33-Year-Old Pitcher – Free Agent
2014 Fantasy Baseball Outlook
There was no outlook written for Bobby Jenks in 2014. Check out the latest news below for more on his current fantasy value.
Bobby Jenks Contract Information:
Agreed to a two-year, $12 million deal with the Red Sox in December 2010.
The Red Sox have released Jenks (back), Ben Nicholson-Smith of MLBTradeRumors.com reports.
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|Career (View All)||348||0||0||357.3||324||140||26||351||123||16||20||173||–||–||3.53||1.25|
Bobby Jenks Split Stats (View Full Split Stats)
|Year||Age||Lg||Tm||G||GS||IP||K/9||BB/9||K/BB||HR/9||GB/FB Ratio||Strand %||Fastball||ERA||FIP||BABIP|
|2011||30||MAJ||BOS||19||0||15.7||9.77||7.47||1.31||0.57||1.13||70.6%||94.1 MPH||6.32||4.35||.436||3-Year Averages||19||0||15.7||9.77||7.47||1.31||0.57||–||70.6%||–||6.32||4.35||.436|
Bobby Jenks: Past News Updates ( ▲ View most recent update )
RotoWire's Preseason Outlooks
There was no outlook written for Bobby Jenks.
Jenks' first season with Boston was notable for his injuries. He suffered from biceps tendonitis in May before having his back act up in June and later again in July. That was it for Jenks. He's now facing off-season back surgery as well as problems with a pulmonary embolism. There's obviously questions of health entering 2012, the first time in six years Boston will not have Jonathan Papelbon as their closer. In another world, a healthy Jenks, who has closer experience, could have had a shot at closing some games. Now that the Red Sox have traded for Andrew Bailey and Mark Melancon, the chances for Jenks picking up saves even when healthy are pretty remote.
Jenks struck out more than 10.0 per nine for the first time since 2006 last season. However, he only made it into a career-low 27 games thanks to calf, back and forearm injuries. He also issued a career-worst 3.1 BB/9IP and was removed from the closer role a couple of times during the season. The emergence of other options in the White Sox's late-inning game plan rendered Jenks extraneous, and the club non-tendered him in the offseason, but he landed a two-year deal with the Red Sox where he'll likely transition the ninth-inning job from Jonathan Papelbon to Dan Bard.
Jenks regressed for the second straight season in 2009, failing to pick up 30 saves for the first time since taking over the closer's role full time in 2006, and his 53.1 innings were also a low. His 125 ERA+ was down from 174 in 2008. A trio of non-chronic injuries (back, kidney stones, calf) were to blame for the lower innings total, and he did recover his K/9IP rate from its 2008 abyss (5.5 in 2008 to 8.3 in 2009). Nothing appears to be too different about his pitches, but he did go to his fastball more often than in the past. Jenks will be back in Chicago in 2010 as the closer, but he could be dealt at some point during the season.
So, Jenks is still effective, but it's because he doesn't walk guys or give up home runs. His strikeout rate is in free fall, and with that being the best predictor of pitcher performance, the Sox's willingness to move the big righty seems downright prescient. Of the top tier of AL closers, this is the one to avoid.
Shoulder tightness early in the spring likely had him plumetting down most draft boards but Jenks put all those worries to rest with a fantastic season. He did lose some velocity as evidenced by a substantial drop in his strikeout totals but posted a career-best 0.89 WHIP thanks in large part to a streak where he retired 41 straight batters, tying the major league record. He rewarded his fantasy owners with another 40-save season and has a stranglehold on the closer role in Chicago as long as he's healthy.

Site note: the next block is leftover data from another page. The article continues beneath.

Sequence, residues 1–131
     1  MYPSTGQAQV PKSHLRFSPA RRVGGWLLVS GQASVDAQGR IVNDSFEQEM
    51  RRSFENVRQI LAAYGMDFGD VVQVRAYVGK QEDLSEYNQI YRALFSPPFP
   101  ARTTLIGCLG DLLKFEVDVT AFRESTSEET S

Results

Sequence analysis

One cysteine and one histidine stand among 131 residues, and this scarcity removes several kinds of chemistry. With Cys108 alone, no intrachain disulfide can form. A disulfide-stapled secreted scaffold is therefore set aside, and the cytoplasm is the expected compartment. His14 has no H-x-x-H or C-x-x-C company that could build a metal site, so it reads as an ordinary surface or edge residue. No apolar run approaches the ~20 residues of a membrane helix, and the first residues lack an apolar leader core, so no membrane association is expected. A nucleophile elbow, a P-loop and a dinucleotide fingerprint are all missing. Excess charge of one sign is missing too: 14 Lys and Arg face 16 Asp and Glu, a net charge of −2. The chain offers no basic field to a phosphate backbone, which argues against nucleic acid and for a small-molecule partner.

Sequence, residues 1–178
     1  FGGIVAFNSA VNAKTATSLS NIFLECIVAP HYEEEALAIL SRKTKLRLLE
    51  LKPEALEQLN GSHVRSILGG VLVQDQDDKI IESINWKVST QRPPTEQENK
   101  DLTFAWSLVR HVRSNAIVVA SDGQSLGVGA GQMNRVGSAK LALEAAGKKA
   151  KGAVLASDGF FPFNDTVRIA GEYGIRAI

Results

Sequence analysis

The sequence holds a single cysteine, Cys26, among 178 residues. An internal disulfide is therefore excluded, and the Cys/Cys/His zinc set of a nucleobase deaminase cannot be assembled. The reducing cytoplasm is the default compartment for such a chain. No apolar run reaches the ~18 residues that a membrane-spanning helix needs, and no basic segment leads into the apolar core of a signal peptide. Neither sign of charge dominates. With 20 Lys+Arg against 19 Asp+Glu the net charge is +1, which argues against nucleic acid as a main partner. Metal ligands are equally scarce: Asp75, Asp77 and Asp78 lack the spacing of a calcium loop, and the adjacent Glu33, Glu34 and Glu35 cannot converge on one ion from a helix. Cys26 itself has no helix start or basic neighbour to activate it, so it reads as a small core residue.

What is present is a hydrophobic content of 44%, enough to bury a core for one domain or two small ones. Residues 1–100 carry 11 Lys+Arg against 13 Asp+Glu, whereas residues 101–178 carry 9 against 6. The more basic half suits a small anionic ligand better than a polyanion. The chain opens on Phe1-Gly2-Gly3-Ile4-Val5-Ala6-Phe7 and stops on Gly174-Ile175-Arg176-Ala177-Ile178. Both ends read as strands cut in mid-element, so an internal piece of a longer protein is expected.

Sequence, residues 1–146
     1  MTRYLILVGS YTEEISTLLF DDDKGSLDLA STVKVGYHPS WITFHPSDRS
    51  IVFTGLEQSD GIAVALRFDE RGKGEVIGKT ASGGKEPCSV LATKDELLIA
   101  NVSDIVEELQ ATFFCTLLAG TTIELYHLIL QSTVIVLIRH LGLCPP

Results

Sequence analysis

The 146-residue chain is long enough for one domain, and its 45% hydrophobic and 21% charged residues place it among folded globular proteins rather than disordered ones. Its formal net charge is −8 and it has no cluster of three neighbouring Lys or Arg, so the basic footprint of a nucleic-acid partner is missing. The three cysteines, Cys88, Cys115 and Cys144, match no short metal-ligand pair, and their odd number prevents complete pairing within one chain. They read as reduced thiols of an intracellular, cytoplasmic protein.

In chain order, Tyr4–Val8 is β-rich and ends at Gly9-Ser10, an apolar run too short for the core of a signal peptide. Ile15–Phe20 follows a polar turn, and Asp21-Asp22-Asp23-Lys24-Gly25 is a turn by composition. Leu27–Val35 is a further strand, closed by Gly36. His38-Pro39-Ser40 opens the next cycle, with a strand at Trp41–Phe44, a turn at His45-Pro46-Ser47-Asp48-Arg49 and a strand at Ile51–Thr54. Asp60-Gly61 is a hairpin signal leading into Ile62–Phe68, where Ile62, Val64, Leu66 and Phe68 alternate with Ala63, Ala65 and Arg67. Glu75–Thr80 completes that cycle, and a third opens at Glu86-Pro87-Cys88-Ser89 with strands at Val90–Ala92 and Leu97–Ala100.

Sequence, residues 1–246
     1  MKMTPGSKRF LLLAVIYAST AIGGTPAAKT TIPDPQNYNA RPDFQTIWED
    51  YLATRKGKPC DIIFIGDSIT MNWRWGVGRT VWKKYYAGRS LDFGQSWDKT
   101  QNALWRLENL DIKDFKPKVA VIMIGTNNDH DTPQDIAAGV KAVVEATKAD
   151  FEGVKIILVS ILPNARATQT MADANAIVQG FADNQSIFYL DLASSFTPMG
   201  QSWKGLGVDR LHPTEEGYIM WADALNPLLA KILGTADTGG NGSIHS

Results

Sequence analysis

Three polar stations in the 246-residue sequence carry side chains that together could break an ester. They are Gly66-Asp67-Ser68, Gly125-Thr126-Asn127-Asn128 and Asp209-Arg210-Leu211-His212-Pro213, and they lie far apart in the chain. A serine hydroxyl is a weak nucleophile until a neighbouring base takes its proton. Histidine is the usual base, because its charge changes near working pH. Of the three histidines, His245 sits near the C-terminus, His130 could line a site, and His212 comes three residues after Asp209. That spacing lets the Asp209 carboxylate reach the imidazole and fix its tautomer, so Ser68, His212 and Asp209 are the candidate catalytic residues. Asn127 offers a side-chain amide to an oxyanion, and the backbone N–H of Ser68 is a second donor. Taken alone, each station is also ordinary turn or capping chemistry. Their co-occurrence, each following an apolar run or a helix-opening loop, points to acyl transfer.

Jenks dominated in the first half of the season, with 26 saves and 49 strikeouts in 41 innings, but faltered after the break. He finished second in the American League in saves with 41 and third in the league in games finished at 58, which may point to a bit of overwork. His troubles in the second half may also have something to do with a return of his minor league wildness, to the tune of 18 walks in 28 innings. (He walked six per nine innings in the minors but has been much better since joining the White Sox.) He'll be in the closer role again in 2007, but Ozzie Guillen won't be afraid to try others if the second-half Jenks rears his ugly head.
Jenks' trajectory from Angels cast-off to championship closer should demonstrate once and for all the folly of overpaying for saves, either in real life or in fantasy ball. Just in case you're still tempted to say '$30' when his name gets called at your auction, just remember the fate of previous White Sox closers Shingo Takatsu, Billy Koch and Keith Foulke. Jenks could go on to have a brilliant career of course - he's certainly got the arsenal to be successful - but on this team more than any other, he'll get only enough 9th inning rope to hang himself if he hits a rough patch.
Jenks underwent surgery on his right elbow in July that was expected to sideline him through the end of 2005. The latest reports say he may be ready for spring training, but temper expectations. This is the same type of injury that has limited him three times over the last two seasons. His fastball has been clocked at over 100 mph, so he could be good if he could ever stay healthy.
Jenks threw very well at Double-A Arkansas, and will vie for a job at Triple-A next year. His upside is enormous but the walk totals may make him better suited to be a late-inning reliever.
Tabbed as possibly the next Francisco Rodriguez by RotoWire minor-league baseball writer Tony Blengino. Fastball can reach 100 MPH. This season, though, he holds no fantasy potential.